A second UEFA Women's EURO appearance this summer will help build on recent progress to increase participation levels and strengthen the game at club level.
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Turning the tide
Portugal are relative latecomers to the top level of women's football but are eager to make up for lost time. Their unlikely run to the 2012 UEFA Women's Under-19 Championship semi-finals proved a harbinger as several members of that squad then helped the senior team qualify for UEFA Women's EURO 2017, where they beat Scotland in between narrow losses to Spain and England. Benfica's feat of reaching the inaugural UEFA Women's Champions League group stage in 2021/22 was another positive signpost, the Portuguese Football Federation (FPF) having encouraged clubs including the Eagles, Sporting CP and Braga to set up female sections.
Best UEFA competition performance
Seniors: UEFA Women's EURO group stage (2017)
Youth: UEFA Women's Under-19 Championship semi-finals (2012), UEFA Women's U17 Championship semi-finals (2019)
Women's football pioneer
Carla Couto retired from the national team in 2012 and thus missed out on Portugal's recent emergence, but she pointed the way with her talent and ambition over a long career which also took her to China and Italy. In 2015, she was named the FPF's female player of the previous 100 years.
"I had a career full of achievements. I was a national champion 11 times, I won six Portuguese Cups … I had many good moments, but the most striking was undoubtedly my first international. It stayed with me for the rest of my life. At 19, wearing the national team jersey was something great."
Portugal had already made waves by qualifying for their first Women's EURO after a tense play-off with Romania, but they soon topped that at the 2017 finals – beating Scotland 2-1 in a game that more than one player labelled "historic". They then came close to a draw against England which would have taken them through to the last eight.
The FPF used Portugal's qualification for Women's EURO 2017 to promote participation in the female game and remove prejudices, launching the 'Respond on the Pitch' campaign which yielded a 34% increase in players that year alone. In a football-mad country, the potential exists for the Portuguese women's game to match the heights reached by its male teams and stars. Upsetting the odds in England could be a spur, as the men showed back in 1966.
Here and now
Playing perspectives: Junior/ Senior
Forward Carolina Mendes, 34, went down in history as Portugal's first finals goalscorer when she scored in the 2-1 win over Scotland at Women's EURO 2017, while at 19, Francisca "Kika" Nazareth, netted her first international goals in preparation for Women's EURO 2022, her first senior international tournament.
Mendes: "I started playing football when I was 16 years old. It is a bit late. It was the only team that existed in my area."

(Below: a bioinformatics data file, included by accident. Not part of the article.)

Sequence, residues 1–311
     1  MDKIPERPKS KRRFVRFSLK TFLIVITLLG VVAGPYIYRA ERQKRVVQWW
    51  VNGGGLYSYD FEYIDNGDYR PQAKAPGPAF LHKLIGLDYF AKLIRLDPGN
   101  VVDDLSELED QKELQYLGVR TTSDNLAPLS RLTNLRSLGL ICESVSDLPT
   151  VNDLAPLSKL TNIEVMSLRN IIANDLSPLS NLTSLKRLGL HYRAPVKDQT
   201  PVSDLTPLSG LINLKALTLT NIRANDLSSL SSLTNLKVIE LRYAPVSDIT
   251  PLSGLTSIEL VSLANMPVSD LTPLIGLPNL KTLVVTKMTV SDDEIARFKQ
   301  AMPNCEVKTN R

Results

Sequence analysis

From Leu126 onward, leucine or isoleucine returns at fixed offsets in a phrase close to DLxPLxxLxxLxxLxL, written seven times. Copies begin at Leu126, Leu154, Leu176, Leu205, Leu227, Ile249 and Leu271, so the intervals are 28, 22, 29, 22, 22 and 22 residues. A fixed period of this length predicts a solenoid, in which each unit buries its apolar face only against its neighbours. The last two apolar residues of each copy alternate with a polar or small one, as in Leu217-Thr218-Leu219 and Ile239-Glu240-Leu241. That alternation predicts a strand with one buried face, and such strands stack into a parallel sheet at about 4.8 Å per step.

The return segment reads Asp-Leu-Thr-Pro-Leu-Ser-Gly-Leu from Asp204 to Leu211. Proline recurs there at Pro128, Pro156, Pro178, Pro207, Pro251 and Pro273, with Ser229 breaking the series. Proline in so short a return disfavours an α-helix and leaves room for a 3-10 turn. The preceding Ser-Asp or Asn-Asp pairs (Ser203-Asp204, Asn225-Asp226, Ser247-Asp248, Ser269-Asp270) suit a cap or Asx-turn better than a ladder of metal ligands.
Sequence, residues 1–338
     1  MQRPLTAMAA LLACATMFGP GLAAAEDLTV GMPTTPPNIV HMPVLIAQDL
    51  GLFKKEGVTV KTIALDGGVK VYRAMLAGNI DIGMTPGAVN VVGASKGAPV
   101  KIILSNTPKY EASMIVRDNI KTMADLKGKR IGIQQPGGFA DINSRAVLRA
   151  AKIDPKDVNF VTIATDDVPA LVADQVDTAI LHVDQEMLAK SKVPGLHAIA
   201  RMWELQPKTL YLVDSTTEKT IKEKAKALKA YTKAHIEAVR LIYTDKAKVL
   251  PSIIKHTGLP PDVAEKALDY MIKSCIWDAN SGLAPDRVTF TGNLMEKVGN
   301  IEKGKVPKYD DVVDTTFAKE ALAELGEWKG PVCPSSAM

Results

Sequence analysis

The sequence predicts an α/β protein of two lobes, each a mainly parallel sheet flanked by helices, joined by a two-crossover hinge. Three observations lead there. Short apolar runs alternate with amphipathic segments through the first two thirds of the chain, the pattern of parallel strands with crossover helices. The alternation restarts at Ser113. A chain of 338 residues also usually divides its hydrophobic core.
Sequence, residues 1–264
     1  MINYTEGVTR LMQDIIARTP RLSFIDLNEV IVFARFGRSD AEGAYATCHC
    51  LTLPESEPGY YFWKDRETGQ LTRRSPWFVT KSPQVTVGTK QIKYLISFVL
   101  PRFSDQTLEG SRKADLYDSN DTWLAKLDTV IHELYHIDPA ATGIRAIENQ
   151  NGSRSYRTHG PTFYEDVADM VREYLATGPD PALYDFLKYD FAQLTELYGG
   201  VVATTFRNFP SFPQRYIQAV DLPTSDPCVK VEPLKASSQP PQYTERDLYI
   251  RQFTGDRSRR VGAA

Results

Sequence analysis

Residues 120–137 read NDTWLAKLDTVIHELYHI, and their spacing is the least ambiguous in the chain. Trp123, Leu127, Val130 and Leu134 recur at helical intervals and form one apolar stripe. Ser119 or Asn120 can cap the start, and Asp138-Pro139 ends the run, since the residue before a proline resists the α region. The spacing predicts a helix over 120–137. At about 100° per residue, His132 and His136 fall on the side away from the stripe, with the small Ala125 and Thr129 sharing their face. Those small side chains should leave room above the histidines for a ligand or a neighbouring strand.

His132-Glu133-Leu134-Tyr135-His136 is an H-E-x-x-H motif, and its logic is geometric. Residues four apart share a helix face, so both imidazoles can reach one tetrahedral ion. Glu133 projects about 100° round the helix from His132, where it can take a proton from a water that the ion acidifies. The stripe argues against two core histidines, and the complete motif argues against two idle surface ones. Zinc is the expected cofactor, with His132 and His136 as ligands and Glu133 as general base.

Nazareth: "I had a transition from futsal to football - from when I was six until I was 13 or 14 years old I played futsal with boys, and I then transitioned to football and went directly to play with girls."
Joining the game in Portugal
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"Trailblazers" is a unique exhibition that showcases the work of European artists given a blank canvas to celebrate women’s football. UEFA invited artists from participating nations in this summer’s tournament to create an image inspired by the game in their country. Portugal's representative is Filipa Beleza: "My best memory of football was watching Portugal win EURO 2016, and celebrating it afterwards! I was inspired by the festive spirit that football brings out in people and wanted to portray the players in the field but also the kids playing in the streets, the groups of friends cheering both in the stadiums and at the cafes, restaurants and houses around the country and the tourists that get excited by the party atmosphere. Everyone comes together in a big celebration."
Investing for the future
Women's Football Development Programme (WFDP)
Since 2010, UEFA's WFDP has provided associations with funding and tools to increase participation, improve standards and build infrastructure to help keep the female game growing. One example of a project funded by the WFDP programme in Portugal is…
Development of the women's football league (2016–20)
Portugal focused on bolstering its women's football league via the establishment of a network connecting all stadiums where women's football is played and enabling the live-streaming of games to a central platform for redistribution. The goal was to promote women's football, boost participation and increase the exposure of women's matches to a wider audience, potentially leading to greater revenue.
The number of female participants more than doubled between 2016 and 2020, while women's football established itself as a very strong product for TV and streaming audiences. A partnership between a statistical provider and the FPF also allowed clubs in the women's Liga to access quality data on matches and players.